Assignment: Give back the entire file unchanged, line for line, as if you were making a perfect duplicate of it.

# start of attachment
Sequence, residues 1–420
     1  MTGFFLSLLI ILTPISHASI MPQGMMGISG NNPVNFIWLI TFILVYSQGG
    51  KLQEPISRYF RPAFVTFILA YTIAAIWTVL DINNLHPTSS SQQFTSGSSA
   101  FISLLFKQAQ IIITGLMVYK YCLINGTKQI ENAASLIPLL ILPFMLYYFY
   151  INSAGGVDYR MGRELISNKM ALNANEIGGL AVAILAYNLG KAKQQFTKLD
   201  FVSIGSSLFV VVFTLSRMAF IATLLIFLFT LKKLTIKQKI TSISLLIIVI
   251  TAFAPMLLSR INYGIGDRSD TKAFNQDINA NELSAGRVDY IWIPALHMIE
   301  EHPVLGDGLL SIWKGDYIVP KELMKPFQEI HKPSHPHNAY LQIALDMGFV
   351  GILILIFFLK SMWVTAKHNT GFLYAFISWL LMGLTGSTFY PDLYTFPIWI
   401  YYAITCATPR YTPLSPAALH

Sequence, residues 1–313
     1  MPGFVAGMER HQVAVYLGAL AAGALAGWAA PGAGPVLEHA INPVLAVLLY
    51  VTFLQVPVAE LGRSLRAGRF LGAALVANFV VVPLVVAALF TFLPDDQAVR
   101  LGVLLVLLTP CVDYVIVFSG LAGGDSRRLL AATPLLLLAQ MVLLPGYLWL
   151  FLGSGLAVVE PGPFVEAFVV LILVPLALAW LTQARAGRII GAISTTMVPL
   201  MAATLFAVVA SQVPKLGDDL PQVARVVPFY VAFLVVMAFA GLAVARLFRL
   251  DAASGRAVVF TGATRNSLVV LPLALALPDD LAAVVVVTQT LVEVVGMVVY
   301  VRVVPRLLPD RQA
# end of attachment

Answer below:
Sequence, residues 1–420
     1  MTGFFLSLLI ILTPISHASI MPQGMMGISG NNPVNFIWLI TFILVYSQGG
    51  KLQEPISRYF RPAFVTFILA YTIAAIWTVL DINNLHPTSS SQQFTSGSSA
   101  FISLLFKQAQ IIITGLMVYK YCLINGTKQI ENAASLIPLL ILPFMLYYFY
   151  INSAGGVDYR MGRELISNKM ALNANEIGGL AVAILAYNLG KAKQQFTKLD
   201  FVSIGSSLFV VVFTLSRMAF IATLLIFLFT LKKLTIKQKI TSISLLIIVI
   251  TAFAPMLLSR INYGIGDRSD TKAFNQDINA NELSAGRVDY IWIPALHMIE
   301  EHPVLGDGLL SIWKGDYIVP KELMKPFQEI HKPSHPHNAY LQIALDMGFV
   351  GILILIFFLK SMWVTAKHNT GFLYAFISWL LMGLTGSTFY PDLYTFPIWI
   401  YYAITCATPR YTPLSPAALH

Sequence, residues 1–313
     1  MPGFVAGMER HQVAVYLGAL AAGALAGWAA PGAGPVLEHA INPVLAVLLY
    51  VTFLQVPVAE LGRSLRAGRF LGAALVANFV VVPLVVAALF TFLPDDQAVR
   101  LGVLLVLLTP CVDYVIVFSG LAGGDSRRLL AATPLLLLAQ MVLLPGYLWL
   151  FLGSGLAVVE PGPFVEAFVV LILVPLALAW LTQARAGRII GAISTTMVPL
   201  MAATLFAVVA SQVPKLGDDL PQVARVVPFY VAFLVVMAFA GLAVARLFRL
   251  DAASGRAVVF TGATRNSLVV LPLALALPDD LAAVVVVTQT LVEVVGMVVY
   301  VRVVPRLLPD RQA